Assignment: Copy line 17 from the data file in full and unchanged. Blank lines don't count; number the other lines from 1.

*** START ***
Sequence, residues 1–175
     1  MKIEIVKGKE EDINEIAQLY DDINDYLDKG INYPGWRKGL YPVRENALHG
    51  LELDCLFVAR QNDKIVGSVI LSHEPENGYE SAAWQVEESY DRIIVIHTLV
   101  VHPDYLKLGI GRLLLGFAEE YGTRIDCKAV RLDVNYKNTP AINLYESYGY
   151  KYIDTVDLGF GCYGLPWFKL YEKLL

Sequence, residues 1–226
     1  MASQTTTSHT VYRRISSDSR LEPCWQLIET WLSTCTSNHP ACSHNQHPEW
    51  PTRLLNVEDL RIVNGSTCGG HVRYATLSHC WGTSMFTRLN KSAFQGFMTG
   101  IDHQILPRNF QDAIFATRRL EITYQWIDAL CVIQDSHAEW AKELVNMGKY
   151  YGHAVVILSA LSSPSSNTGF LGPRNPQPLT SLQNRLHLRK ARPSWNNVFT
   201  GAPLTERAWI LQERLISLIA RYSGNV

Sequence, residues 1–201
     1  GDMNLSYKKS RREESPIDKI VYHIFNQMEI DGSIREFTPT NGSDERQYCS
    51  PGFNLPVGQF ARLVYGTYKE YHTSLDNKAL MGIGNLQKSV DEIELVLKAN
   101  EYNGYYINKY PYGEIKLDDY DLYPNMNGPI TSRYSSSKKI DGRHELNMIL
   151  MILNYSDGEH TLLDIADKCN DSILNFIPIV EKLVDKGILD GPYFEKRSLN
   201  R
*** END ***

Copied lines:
   201  R